You’re feeling lost in the crowd, you’re trying to meet up with your squad, and your phone has been dead all day. This is a typical scenario experienced at some point by everyone who’s ever been to a big music festival and the feeling of being alone and lost isn’t a pleasant one. The simple solution? Build yourself a totem.
A totem (aka rage stick) is a picture or poster mounted on top of a pole that makes finding your friends in a big crowd as easy as tying your shoe. Lately though, we’ve been hearing a lot of complaints from the community about the nature and size of some totems, and thought it would be a perfect time to give our advice on how to make an effective totem that doesn’t upset the people 20 yards behind you.
(1) Be Creative, Unique, and Original
As people who appreciate the time and effort that goes into making good music, we also appreciate other art forms that demonstrate a visible amount of dedication. Whether that be an intricate drawing, a beautiful sculpture, or an “installation” on top of a pole, we like to see the effort put forth.
Our first guideline is a request to please put some effort and thought into your totem. Writing #POOPDICK in black sharpie on a white sheet of posterboard isn’t what we’re talking about. We want to see something funny, original, and visually pleasing; something that adds personality and flavor to the crowd while serving it’s purpose.
(2) Keep it a Reasonable Size and Adjustable Height
There is nothing, and I’m not overstating it when I say nothing, worse than the person in front of you holding up a 5’x5′ sign at eye level. We get that you want your totem in the family photo but a totem of this nature is disrespectful and rude to others, and thats not what our scene is about.
When making your totem please be mindful of the people that are going to be around/behind you. Try to hit that sweet spot where your people can see it from far away, without disrupting the view for people behind you. There are a host of great options on Amazon of adjustable poles for pretty cheap that are a great investment.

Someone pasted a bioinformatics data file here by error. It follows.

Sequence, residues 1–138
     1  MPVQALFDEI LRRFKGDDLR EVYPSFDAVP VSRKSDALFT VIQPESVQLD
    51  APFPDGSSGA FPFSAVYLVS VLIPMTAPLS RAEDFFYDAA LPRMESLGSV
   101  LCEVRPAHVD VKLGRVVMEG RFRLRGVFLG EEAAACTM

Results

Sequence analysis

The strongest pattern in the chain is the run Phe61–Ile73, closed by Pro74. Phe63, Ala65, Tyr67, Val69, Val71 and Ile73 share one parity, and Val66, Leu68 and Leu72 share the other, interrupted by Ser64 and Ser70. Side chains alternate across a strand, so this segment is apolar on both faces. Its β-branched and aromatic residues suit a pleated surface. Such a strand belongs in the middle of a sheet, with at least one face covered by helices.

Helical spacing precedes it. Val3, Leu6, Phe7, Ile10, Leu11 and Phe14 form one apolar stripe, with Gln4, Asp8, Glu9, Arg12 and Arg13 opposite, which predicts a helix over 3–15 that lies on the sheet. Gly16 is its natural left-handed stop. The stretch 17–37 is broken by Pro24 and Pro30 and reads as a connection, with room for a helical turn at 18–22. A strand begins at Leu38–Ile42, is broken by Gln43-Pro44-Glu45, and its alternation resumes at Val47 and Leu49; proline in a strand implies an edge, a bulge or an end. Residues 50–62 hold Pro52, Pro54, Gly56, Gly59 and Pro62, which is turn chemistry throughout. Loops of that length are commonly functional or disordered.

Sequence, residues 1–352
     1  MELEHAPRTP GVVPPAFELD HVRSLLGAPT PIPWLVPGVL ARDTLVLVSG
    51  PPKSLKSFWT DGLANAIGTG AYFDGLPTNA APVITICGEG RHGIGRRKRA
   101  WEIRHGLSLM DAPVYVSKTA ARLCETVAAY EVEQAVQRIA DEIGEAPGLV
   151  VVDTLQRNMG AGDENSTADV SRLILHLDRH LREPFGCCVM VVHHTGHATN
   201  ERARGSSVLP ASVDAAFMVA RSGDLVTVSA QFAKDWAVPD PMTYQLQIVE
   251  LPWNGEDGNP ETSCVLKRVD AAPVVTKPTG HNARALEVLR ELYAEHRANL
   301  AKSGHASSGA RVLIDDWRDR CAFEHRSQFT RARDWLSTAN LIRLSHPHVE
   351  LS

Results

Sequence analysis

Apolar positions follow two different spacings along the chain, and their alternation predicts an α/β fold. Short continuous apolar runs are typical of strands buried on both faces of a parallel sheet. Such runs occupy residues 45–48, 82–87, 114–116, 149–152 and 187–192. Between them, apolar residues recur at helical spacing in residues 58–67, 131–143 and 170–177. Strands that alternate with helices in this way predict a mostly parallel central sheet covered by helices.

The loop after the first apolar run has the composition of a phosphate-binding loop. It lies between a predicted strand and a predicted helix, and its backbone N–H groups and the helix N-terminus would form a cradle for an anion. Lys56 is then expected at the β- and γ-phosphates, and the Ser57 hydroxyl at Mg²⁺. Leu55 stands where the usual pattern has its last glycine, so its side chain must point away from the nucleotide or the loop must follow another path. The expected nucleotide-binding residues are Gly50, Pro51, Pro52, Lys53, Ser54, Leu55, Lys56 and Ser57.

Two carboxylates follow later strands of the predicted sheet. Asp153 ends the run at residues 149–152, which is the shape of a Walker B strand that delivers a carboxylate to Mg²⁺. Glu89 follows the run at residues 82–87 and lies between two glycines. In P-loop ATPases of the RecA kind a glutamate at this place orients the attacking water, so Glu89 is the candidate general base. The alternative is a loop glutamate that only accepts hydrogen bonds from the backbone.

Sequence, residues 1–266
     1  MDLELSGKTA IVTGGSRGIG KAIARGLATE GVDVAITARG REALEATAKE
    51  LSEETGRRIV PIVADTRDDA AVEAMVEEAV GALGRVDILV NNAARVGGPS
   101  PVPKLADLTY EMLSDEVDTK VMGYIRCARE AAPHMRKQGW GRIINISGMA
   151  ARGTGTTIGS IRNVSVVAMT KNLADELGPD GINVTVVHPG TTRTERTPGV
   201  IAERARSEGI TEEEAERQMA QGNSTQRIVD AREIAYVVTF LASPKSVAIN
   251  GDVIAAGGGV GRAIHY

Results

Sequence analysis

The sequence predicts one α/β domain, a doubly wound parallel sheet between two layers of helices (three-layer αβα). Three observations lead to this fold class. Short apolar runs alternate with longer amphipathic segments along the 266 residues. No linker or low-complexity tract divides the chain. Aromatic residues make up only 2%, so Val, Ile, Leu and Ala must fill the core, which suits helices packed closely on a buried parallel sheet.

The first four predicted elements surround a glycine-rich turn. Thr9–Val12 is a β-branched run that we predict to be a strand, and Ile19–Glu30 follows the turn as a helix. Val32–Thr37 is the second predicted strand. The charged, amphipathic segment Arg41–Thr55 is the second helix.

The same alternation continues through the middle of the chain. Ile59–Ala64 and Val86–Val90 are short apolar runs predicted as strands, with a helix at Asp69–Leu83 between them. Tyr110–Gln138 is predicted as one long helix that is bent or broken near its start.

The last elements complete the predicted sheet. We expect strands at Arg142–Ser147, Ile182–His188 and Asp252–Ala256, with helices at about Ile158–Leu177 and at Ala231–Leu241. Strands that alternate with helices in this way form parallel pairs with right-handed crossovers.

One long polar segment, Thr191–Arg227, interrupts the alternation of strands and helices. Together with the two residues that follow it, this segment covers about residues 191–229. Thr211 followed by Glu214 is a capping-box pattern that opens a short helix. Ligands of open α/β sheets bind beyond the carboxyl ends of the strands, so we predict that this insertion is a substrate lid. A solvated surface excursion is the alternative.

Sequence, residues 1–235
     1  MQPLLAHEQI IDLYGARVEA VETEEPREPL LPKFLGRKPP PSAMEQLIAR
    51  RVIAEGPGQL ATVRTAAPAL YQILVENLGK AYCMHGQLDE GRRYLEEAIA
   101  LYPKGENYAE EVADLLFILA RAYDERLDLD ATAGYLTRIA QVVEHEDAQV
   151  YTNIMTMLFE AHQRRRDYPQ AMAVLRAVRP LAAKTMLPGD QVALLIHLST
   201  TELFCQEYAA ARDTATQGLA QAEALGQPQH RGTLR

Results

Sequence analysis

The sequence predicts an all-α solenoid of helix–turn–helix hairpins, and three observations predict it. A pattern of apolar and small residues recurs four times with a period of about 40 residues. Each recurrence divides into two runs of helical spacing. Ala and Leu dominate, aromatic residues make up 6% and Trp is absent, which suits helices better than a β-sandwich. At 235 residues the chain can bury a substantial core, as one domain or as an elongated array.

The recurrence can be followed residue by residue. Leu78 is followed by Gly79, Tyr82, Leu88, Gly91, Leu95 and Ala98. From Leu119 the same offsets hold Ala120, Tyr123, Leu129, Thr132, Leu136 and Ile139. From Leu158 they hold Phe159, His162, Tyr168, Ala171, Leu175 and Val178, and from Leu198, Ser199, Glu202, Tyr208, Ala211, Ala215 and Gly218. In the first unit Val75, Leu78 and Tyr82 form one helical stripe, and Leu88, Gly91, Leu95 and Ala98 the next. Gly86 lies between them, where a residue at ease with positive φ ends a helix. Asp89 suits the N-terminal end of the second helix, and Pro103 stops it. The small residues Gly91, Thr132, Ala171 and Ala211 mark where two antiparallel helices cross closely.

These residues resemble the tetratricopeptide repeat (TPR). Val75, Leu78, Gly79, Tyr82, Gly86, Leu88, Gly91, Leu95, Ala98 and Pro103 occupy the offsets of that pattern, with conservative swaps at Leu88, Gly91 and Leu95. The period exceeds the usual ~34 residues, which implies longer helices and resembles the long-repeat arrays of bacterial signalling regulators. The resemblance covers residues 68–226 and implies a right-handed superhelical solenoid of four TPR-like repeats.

(3) Keep it Down in Front
If you’re going to be so close you’re catching sweat off the artist, please use the adjustable pole you got from tip #2 and put it all the way down. Often people will wait for multiple sets to be close enough to see their favorite bands and acts and depriving them of getting to enjoy the view isn’t fair.
(4) Incorporate Some Type of Lights for Night
When we built our first totem this was our biggest oversight. It was great during the day, but once it got dark it was impossible to see from 20 yards away.
A good totem will utilize some form of battery-powered LEDs so it can be visible at night. There are lots of great options on Amazon for cheap, and it’ll make finding your friends for that last set much easier. Bonus points if you use lights in a creative way that serves a purpose.
(5) Put it Down During Tipper with Android Jones (or any Other Artist with Great Visuals)
Above is a frustrating video of people at Bisco this past summer with their totems up just a few rows back from the front. We understand that you want your totem to be recognized in pictures and videos, but we’re talking about the pinnacle of live visuals here with Android Jones (or Jonathan Singer, or Flying Lotus, or Bassnectar).
If you’re going to be in front with your totem during artists who have dedicated their money and time to create these visual displays for you, please do everyone a favor and put it down so others can enjoy as well.
As with everything in the festival community, just be mindful and considerate of others. Although it’s unlikely, it’s possible that totems could become such a problem that festivals will begin to ban them, and no one wants that. Similarly, if someone in front of you has a big distracting totem, don’t hesitate (in a calm, polite way) to ask them to please put it down so that everyone else can enjoy the show.
Photo Cred: David Vann, mlive.com